The whole artificial attempt to “understand them” was not only unhelpful, but only added to the confusion. These attempts not only did not help us be understood, but compounded the misunderstanding. They mislead the public to a misconception that the Iranians got what they ask for and what they deserve: They want to be ruled by mullahs, they want to go backward, they like having their hands cut off, they want to be told how to perform every step of their most trivial affairs of life. Once, watching a documentary on PBS about the Iran-Iraq war, the reporter interviewed an Iranian war veteran on wheelchair. We could hear the veteran’s line being fed to him by his minder, i.e. that everything was staged. We wrote to PBS and reminded them of their obligation of professional honesty and pointed out to them the futility of such phony documentaries. Some PBS flack wrote back that if a “nation” wants to portray itself as such we have to cooperate and air it as they wanted! A strange sense of professionalism indeed!
In the last few years there were few books by journalists, The Last Great Revolution (at least its last half), Persian Mirrors, Neither East Nor West, and The Rose Garden of Martyrs, or travelogues, which tried to depart from the apologetic tradition of the academics and Middle East experts of the first two decades. However, each one of them very cautiously took off only one layer of the mystery. One explained that not all Iranian went to the front to get killed to be martyrs; war was run by a well-calculated manipulative machinery. Another explained that teenagers in Iran are the same as teenagers the world over, even a bit more cheerful and playful. Another revealed that in spite of all the efforts by the clerics to undermine the status of women, their presence and their influence in the overall society is still undeniable. But none took the trouble to explain the system of the government so the people won’t rush to the bunkers out of fear that Iran’s president who has no power as such would eliminate them from the earth. It seemed there was a limit to excavating this great tomb, one inch at a time would have to do.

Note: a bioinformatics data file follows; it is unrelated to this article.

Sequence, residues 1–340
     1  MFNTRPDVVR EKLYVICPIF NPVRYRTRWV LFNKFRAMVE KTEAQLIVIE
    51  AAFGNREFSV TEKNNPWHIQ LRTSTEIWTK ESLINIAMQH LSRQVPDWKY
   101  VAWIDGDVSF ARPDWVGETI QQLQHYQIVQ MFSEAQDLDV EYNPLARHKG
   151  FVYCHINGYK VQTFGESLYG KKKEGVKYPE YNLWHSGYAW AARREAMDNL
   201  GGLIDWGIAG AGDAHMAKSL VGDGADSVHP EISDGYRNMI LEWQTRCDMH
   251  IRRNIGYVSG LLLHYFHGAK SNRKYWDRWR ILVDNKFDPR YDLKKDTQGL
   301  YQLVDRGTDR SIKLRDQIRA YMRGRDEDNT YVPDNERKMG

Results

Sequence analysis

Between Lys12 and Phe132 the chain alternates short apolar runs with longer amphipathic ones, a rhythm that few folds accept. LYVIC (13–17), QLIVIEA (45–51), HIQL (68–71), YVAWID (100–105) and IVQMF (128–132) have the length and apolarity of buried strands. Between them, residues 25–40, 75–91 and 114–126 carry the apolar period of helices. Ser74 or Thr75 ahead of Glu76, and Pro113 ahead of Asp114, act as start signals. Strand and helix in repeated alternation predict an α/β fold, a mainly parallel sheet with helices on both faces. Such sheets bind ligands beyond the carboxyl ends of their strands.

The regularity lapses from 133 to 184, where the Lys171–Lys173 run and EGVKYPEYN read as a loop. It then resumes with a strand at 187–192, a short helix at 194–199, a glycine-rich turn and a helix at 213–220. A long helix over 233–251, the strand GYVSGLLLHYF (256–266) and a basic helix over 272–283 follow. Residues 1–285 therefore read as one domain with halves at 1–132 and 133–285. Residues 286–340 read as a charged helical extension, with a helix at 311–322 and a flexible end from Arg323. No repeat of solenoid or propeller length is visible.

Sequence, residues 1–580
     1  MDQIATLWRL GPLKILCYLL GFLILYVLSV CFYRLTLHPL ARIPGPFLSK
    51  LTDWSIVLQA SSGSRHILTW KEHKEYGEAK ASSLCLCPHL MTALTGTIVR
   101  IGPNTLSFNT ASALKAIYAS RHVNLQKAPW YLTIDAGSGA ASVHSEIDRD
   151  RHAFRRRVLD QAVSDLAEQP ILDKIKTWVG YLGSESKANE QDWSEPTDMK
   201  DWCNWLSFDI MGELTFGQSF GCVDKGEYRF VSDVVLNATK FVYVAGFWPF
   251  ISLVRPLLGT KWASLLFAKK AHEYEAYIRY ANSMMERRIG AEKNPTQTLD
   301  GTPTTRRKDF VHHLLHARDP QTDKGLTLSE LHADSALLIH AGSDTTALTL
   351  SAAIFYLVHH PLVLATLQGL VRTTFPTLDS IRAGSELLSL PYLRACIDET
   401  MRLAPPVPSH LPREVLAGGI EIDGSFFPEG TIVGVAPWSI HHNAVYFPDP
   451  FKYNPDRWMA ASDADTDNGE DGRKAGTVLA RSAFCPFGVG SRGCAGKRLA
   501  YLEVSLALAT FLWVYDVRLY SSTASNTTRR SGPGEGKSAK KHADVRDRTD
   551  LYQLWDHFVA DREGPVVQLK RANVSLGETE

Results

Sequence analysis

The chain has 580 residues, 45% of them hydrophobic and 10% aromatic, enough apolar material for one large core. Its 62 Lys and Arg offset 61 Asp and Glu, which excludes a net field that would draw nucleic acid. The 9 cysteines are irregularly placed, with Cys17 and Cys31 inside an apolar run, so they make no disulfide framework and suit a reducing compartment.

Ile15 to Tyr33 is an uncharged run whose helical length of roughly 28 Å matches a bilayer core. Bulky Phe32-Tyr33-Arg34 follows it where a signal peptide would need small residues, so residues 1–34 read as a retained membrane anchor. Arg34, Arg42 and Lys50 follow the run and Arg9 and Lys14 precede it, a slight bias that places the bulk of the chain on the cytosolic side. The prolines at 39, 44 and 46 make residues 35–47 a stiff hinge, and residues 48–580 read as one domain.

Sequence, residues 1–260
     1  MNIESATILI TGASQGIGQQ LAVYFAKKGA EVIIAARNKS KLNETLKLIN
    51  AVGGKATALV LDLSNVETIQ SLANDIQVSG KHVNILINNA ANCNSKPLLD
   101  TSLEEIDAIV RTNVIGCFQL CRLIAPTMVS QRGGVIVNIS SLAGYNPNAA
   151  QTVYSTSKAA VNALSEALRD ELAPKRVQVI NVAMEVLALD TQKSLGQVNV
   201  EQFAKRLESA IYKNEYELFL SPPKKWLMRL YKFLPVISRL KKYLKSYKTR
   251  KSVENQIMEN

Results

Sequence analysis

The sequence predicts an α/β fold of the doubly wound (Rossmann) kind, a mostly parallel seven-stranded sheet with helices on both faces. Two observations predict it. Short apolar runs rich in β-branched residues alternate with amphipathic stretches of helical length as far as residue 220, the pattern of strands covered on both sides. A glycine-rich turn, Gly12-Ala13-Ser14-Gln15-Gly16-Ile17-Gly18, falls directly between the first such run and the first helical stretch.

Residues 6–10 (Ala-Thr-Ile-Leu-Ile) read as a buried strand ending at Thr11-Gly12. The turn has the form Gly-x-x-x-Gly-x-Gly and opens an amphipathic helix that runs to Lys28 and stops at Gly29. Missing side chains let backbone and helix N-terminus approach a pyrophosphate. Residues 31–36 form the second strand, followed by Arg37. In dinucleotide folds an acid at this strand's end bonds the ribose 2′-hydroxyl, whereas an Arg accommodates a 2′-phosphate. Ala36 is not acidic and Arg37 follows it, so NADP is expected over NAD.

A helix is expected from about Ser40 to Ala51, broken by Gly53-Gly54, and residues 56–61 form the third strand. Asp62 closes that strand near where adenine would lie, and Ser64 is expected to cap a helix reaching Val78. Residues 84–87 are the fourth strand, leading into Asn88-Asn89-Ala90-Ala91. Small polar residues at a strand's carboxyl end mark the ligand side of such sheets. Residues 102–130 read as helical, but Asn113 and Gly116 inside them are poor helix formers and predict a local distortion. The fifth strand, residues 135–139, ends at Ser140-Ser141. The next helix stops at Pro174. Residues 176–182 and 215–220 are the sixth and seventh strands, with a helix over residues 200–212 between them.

And now finally it seems it is the time for demystification. I’m not sure that we have arrived at this stage since it is a convenient time, or it is just the American way of learning something. Perhaps the revolution has reached its zenith and now is going to merge and blend with Iranian culture to disappear, and this allows the observers have a better perspective. Books are being published which are more exposing, articles are written which are more revealing, clerics inside the country are saying things which makes one wonder why they hadn’t said them twenty-five years ago. People talk about the government’s corruption, clerics are criticizing clerics, and in spite of all the arrests on charges of endangering national security and social order, people are still outspoken. And we hear more and more the forgotten word “secular” in a variety of contexts. For the first time, thanks to internet, news travels over the boarders more freely. It might be for this very reason that journalists and commentators follow suit and are becoming more open to talking about Iran, however cautiously. In any case, I welcome this third stage; though, had we done this from the start, we would have been saved much trouble.